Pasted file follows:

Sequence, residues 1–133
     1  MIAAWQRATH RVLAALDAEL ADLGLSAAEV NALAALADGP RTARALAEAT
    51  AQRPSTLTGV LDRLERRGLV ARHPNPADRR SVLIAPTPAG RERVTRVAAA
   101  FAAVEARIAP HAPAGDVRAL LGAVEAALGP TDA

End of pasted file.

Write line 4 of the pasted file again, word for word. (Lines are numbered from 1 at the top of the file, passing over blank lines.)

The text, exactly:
   101  FAAVEARIAP HAPAGDVRAL LGAVEAALGP TDA